Here is the deal: we wants soft, buttery, fluffy eggs. High heat = rubbery tough eggs. Yuck. It sort of depends on the strength of your stove. On a gas stove, I recommend the lowest heat setting possible. On an electric stove you may need to bump it up to medium low.
So melt some butter (yes butter…nothing else) in the pan and pour in the eggs. Then you exercise patience and stir constantly (or at least frequently). This is not the time to go to the bathroom or press your coffee or lay down for a quick nap. You are on duty. It is now your sole purpose for the next 5-15 minutes (depending on how many eggs you are cooking and how well done you like them) to watch those damn eggs like a hawk (or perhaps, I should say, like a mama chicken).
Which brings me to my next point Put the “Turning Spatula” away. That’s the one that looks like this:
That is for pulling cookies off a hot sheet pan or cooking a burger or a FRIED egg in a skillet. It is NOT for SCRAMBLED eggs.
Instead, please use a wooden or silicone spoon or a rubber spatula like this one:
And stir. I cannot stress this enough. Do not wait until the entire bottom side cooks and then flip…no no no. Stir. Even if they don’t seem to be cooking. Just stir and wait. They will get there.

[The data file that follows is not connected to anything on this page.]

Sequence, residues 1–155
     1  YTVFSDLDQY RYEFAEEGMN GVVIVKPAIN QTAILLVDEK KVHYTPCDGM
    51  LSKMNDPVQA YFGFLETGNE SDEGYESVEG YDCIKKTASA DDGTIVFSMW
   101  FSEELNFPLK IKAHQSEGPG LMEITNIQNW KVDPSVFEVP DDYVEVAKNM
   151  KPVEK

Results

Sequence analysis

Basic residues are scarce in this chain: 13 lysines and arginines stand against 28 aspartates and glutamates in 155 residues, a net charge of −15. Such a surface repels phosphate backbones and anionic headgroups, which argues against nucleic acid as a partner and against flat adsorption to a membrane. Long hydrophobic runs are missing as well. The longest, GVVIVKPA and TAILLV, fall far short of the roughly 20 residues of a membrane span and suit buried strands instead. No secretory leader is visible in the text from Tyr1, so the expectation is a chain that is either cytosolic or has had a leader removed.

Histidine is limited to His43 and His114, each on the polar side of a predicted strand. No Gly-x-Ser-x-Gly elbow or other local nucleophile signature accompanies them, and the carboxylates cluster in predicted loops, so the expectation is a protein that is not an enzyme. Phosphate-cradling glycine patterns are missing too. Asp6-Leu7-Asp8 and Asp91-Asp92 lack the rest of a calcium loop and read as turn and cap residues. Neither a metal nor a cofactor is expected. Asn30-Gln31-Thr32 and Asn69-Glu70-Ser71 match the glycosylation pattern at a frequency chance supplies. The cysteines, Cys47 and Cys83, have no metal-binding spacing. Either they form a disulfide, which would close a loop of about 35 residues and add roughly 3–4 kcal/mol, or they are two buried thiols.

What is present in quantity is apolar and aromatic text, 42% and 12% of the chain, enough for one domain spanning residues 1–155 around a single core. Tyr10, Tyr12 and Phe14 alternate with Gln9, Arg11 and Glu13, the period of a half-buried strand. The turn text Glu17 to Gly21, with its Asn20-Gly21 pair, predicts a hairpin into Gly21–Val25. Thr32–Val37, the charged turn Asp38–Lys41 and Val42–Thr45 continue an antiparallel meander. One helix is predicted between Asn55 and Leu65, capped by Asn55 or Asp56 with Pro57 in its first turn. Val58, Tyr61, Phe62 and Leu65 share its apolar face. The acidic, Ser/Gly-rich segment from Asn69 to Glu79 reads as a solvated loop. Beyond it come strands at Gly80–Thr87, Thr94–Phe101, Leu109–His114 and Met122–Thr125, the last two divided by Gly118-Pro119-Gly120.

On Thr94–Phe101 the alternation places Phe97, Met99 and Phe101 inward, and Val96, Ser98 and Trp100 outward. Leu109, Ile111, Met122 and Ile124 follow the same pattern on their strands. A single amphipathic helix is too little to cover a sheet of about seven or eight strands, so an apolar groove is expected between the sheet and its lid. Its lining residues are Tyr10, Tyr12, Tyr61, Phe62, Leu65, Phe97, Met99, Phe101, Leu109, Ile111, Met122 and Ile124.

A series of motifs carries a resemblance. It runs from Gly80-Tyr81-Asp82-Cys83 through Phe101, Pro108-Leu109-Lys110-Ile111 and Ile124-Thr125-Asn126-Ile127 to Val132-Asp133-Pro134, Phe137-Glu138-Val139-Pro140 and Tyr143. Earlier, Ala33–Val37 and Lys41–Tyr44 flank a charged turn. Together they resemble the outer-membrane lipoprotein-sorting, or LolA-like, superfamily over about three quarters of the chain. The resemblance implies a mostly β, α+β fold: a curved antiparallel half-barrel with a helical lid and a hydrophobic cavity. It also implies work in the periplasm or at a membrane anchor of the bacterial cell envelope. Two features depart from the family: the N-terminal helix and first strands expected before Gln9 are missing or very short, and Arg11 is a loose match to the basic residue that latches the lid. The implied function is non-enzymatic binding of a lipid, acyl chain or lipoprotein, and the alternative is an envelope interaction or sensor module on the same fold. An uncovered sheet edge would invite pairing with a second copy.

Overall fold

Everyone has a different opinion on how well scrambled eggs should be cooked. I am not a fan of wet eggs. So keep cooking them low and slow until they are as well done as you would like them. If you like them well done, stop cooking them AS SOON AS THEY ARE NO LONGER WET LOOKING. Do not leave them in the pan any longer, or you will end up with hard rubbery overcooked eggs which is not good eats.
For the finisher, my suggestion is one more pat of butter stirred into the cooked eggs before you serve them. Butter and eggs are the most perfect combination. Perhaps more perfect than bread and butter. They give the eggs a richness fit for the Queen of England, and a little goes a long way.
So that is it. Eggs, salt pepper. Blend. Butter. Cook on low heat. Stir. More butter. Serve. Perfection.